As with any significant technological advances that are built on older infrastructure, IoT (the Internet of Things) very quickly found the limitations of our existing wireless data networks. Cellular data plans that themselves were essentially shoehorned into the traditional cell phone and text message services were not ideally suited for IoT use, as the unnecessary costs of a standard data plan would make some IoT devices impractical.
It often takes services like this a moment to catch up, but M2M data plans are part of an important step forward in making IoT devices more feasible across the board, from large business applications to individual consumer use. This is because M2M data plans are geared towards the specific kind of usage that M2M communications require, which makes them more cost-effective than a regular data plan.
What is M2M?
M2M, or machine-to-machine, is a label that describes any system or technology that makes information exchange between network devices possible without the need for human intervention.
While the use-cases for M2M solutions are many and varied, the main purpose of this kind of technology is to allow devices to transmit data to other devices. From machine to machine. For example, sensors transmitting the data they read to a device for logging and interpreting that data.
Though far from commonplace, M2M was used as far back as the early part of the twentieth century to send telemetry data from remote systems, allowing those systems to be monitored without the need for a human to relay that information.
The Advantages of M2M
The main reason that M2M is so useful—and why it has become such an important part of the growing IoT market—is its potential to reduce costs and allow for the automation of more tasks. The net result being often that revenue can be boosted while simultaneously improving the service offered.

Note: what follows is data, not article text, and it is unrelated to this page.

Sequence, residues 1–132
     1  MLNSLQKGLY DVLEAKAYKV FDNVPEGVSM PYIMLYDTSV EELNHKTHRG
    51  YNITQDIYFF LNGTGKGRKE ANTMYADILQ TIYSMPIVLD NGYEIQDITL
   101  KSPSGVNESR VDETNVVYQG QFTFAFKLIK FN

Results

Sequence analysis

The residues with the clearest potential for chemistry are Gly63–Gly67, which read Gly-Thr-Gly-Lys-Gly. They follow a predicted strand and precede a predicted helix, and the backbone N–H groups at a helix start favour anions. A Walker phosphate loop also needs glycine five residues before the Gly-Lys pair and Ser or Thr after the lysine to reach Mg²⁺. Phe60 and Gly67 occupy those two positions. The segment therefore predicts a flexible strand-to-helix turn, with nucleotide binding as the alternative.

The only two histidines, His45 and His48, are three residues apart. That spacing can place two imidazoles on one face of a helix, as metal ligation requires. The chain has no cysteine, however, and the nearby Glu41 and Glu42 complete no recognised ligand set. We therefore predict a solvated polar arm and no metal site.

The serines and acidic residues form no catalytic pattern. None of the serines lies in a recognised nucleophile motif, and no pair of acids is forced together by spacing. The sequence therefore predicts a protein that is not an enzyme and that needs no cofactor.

M2M devices typically consume less power than a regular cellular data device, since their connectivity is cut to the bone, in contrast to something like a cellphone, which is constantly connected and sending unpredictable and large amounts of data.
Examples of M2M Applications
For a straightforward example of M2M in action, consider a vending machine. The machine knows how much stock it has and how much has been vended, and so it can relay that information when required. By introducing M2M into this situation, the vending machine can notify its distributor when it is running low, so that restocking can be arranged. This removes the need for anyone to manually check the vending machine to see if it needs restocking, both reducing the costs of maintaining the machine, and providing better service.
Another example is smart meters in the home. Smart meters are connected to the electricity and gas meters, and relay the information back to the utility company supplying those things. This removes the need for a representative from the utility company to come out and visually inspect the meters.
Why Are M2M Data Plans Necessary?
Using a regular data plan is a little like using a fire hose to water the flowers. While an M2M device may need to communicate more frequently than the average cell phone user—perhaps even constantly—the amount of data being sent is often considerably less.
To use the above example of a smart meter for home utilities, a generous estimate of how much data a smart meter might need comes to around 175 megabytes per year. To put this in perspective, the average American cellular data user uses approximately forty times that amount of data per month.
By factoring in the significantly lower requirements of an M2M device, service providers can offer much more cost-appropriate data plans for M2M devices. They can also offer bulk plans for larger networks of M2M devices, which work out cheaper overall.
Are M2M and IoT the Same?
M2M and IoT are often used interchangeably, but they are not the same thing. It is more appropriate to think of M2M as an integral part of IoT that can also function on its own.
M2M has allowed IoT devices to become more efficient, practical, and useful, but M2M does not need to be part of an IoT system. This is highlighted by the earlier statement that M2M was being used as far back as the early twentieth century, but there was no Internet until the end of the century, and no IoT until this century.